On one of my Dev Channel test machines, I’ve been mildly annoyed by a behavioral change since Build 20170 made its debut on July 15. After a while, my Lenovo X380 Yoga test PC would go dormant. I had to click the power button to get it running again. At first, I assumed that the Power Options had been reset and some kind of sleep state was kicking in. I had to reconsider this assumption when I checked Power Options and saw that my prior setting of “Never” for either sleep state (on battery or plugged in) remained unaltered. Similar surfing through other settings in Power Options showed me that other settings likewise wouldn’t cause the PC to put itself out of action. I thereupon put this issue on the back burner, and let my unconscious chip away at this situation. “What could cause the PC to go into a sleep state that requires power-on?” I asked myself.
An “Aha!” Induced Experiment Solves Power-on Mystery
After letting my unconscious chew on the problem for quite some while, the solution came to me on Saturday morning July 25. “What if,” I asked myself “the hibernate option got turned back on in Powercfg? That would mean turning it back off would prevent the PC from going into hibernation, and having the push the power button to start it back up.” Thus, I entered the hibernation kill string powercfg /hibernate off in an administrative PowerShell window on that PC. I haven’t had to hit the power button on the X380 since then. As it had been prior to installing 20170, the machine is now ready to respond each time I run RDP to fire up a remote session, or hit the touchpad to log into it directly.
Not All Resets Result in Optimal Outcomes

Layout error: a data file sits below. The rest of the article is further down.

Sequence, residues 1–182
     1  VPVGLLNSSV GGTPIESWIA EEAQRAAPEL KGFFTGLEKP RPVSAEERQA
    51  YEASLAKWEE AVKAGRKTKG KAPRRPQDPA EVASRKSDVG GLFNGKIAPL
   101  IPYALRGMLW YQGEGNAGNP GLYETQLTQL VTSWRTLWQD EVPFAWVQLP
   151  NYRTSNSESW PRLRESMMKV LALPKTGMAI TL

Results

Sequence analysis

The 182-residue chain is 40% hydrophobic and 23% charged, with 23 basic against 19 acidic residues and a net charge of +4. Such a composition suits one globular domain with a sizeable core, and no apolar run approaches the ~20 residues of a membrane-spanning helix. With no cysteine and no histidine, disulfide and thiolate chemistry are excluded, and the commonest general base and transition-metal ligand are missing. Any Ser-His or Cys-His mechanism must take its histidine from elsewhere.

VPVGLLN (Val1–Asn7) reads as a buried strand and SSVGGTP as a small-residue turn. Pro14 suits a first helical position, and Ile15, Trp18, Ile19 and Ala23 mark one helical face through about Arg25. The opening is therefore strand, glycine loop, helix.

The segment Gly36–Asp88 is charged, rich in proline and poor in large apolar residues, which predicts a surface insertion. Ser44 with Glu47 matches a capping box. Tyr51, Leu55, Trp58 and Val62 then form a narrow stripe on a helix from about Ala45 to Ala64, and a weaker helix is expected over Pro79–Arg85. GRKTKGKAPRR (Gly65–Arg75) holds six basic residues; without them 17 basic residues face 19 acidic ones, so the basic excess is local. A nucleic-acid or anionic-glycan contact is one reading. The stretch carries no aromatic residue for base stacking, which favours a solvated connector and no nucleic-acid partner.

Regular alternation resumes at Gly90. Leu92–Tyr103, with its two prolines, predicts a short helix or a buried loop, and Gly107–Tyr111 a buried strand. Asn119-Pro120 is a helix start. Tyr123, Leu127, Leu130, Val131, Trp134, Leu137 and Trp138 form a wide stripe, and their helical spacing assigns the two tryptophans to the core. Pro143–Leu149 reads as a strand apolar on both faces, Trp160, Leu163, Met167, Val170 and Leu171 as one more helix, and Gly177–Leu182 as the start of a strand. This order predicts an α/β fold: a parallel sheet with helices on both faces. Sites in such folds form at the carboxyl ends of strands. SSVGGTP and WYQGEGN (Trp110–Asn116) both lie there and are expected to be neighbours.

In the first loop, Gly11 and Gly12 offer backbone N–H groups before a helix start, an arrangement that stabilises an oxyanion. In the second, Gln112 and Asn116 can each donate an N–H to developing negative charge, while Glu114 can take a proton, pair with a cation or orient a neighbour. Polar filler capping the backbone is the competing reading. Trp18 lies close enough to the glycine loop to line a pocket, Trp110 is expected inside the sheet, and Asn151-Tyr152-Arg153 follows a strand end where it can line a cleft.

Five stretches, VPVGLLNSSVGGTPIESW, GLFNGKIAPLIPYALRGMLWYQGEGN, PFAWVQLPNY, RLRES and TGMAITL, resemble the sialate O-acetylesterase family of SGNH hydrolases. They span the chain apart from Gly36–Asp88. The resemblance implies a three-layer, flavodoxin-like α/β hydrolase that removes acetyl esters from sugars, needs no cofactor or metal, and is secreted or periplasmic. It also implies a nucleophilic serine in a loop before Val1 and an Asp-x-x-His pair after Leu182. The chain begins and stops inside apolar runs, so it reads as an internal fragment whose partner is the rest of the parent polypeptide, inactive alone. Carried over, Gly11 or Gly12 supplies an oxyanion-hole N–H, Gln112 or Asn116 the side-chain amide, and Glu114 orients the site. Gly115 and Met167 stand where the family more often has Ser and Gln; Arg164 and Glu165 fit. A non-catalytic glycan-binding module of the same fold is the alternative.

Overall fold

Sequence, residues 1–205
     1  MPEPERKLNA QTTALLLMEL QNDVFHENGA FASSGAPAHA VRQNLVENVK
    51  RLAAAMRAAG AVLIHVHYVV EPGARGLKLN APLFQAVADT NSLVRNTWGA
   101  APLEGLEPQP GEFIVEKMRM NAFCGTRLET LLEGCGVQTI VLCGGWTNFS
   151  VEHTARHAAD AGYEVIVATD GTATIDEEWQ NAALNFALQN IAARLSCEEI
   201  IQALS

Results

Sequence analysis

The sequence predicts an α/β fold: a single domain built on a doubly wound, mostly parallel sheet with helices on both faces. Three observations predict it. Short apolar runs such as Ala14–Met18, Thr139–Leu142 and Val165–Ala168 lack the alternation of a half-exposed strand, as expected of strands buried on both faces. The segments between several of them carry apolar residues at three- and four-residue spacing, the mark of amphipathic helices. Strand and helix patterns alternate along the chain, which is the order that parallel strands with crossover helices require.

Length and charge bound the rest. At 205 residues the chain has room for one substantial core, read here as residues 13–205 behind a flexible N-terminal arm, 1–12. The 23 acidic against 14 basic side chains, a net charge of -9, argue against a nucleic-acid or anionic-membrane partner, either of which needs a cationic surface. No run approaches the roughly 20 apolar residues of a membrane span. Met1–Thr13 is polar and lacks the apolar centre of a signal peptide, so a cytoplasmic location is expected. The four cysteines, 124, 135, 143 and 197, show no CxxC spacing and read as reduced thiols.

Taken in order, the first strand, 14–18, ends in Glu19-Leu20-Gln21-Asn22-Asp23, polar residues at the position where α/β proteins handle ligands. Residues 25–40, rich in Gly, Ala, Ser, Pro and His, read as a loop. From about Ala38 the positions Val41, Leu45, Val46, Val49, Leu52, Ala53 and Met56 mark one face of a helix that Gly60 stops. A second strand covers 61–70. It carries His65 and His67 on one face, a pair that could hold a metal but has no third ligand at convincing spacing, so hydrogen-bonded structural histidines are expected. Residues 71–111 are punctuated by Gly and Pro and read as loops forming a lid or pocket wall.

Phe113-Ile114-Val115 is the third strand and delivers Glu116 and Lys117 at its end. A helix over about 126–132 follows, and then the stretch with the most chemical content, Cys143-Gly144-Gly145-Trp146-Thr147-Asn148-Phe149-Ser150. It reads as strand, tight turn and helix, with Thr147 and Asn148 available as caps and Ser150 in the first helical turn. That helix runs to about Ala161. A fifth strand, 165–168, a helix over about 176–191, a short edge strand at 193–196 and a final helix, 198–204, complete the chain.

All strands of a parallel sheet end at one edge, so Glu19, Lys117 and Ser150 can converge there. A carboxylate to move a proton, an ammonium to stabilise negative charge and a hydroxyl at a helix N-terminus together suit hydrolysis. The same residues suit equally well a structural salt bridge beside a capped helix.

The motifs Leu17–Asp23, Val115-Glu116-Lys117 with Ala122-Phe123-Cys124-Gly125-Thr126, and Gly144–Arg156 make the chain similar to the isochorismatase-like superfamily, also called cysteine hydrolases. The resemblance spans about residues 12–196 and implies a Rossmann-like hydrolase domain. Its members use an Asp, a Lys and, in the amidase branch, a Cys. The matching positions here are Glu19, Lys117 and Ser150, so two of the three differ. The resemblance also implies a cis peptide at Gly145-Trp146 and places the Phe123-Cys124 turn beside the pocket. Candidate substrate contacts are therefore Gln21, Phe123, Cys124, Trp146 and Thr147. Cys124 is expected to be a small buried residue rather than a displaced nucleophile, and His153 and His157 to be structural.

This cryptic heading means that upgrades and updates may sometimes reset system behaviors to defaults. Not all such defaults — for example, turning hibernation back on — are always for the best. I’m not sure what’s causing the X380 to hibernate when hibernation is enabled. But I have learned that disabling hibernation fixes my issue of having to manually and physically wake the machine after it’s been idle for a while. Indeed, I now know that one can always tell if hibernation is disabled or enabled by looking at the Shutdown options in the Power Options utility (I was looking at the right tool, apparently, but in the wrong place). If hibernate appears under “Shutdown settings” it’s enabled on the target PC; if absent, it’s disabled. I show the information from my road machine in the lead-in graphic for this story. Its content affirms that indeed, hibernation is enabled on that PC. As the next screencap shows, that option no longer appears in Shutdown settings on the Dev Channel X380 PC:
With hibernation disabled, the hibernate entry disappears from “Shutdown settings.” Don’t ask me why “Turn on fast startup…” is now absent, too!
I’m still not exactly sure WHY enabling hibernation on my Dev Channel X380 causes it to sleep so deeply when idle. Beyond some as-yet undetermined timeout interval, in fact, I must depress the power button to get that PC going once again. I am sure, however, that disabling hibernation on that PC causes that unwanted behavior to cease.
The weird thing is, I have a second X380 Yoga (it serves as my road laptop these days) that is configured nearly identically to the Dev Channel PC. (The only hardware difference is that the Dev Channel PC has a Samsung OEM 1 TB SSD, while the road laptop has a Toshiba OEM 1 TB SSD.) The only other difference between them is the version of Windows 10 they run: Dev Channel on the one, Release Preview Channel on the other. And only the Dev Channel PC (temporarily) displayed the “must press power button to wake from hibernation” behavior, now fixed. Case closed!
Author: Ed Tittel
Ed Tittel is a 30-plus-year computer industry veteran. He’s a Princeton and multiple University of Texas graduate who’s worked in IT since 1981 when he started his first programming job. Over the past three decades he’s also worked as a manager, technical evangelist, consultant, trainer, and an expert witness. See his professional bio for all the details.